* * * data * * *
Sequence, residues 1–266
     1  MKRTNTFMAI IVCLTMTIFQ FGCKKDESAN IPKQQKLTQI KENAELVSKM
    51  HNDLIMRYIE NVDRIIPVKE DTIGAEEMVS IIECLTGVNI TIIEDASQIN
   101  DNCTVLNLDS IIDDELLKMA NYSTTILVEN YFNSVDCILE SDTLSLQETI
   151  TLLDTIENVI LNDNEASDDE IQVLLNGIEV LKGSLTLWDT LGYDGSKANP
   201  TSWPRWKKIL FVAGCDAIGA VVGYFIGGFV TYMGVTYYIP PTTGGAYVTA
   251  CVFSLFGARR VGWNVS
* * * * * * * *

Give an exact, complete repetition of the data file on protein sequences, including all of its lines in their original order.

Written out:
Sequence, residues 1–266
     1  MKRTNTFMAI IVCLTMTIFQ FGCKKDESAN IPKQQKLTQI KENAELVSKM
    51  HNDLIMRYIE NVDRIIPVKE DTIGAEEMVS IIECLTGVNI TIIEDASQIN
   101  DNCTVLNLDS IIDDELLKMA NYSTTILVEN YFNSVDCILE SDTLSLQETI
   151  TLLDTIENVI LNDNEASDDE IQVLLNGIEV LKGSLTLWDT LGYDGSKANP
   201  TSWPRWKKIL FVAGCDAIGA VVGYFIGGFV TYMGVTYYIP PTTGGAYVTA
   251  CVFSLFGARR VGWNVS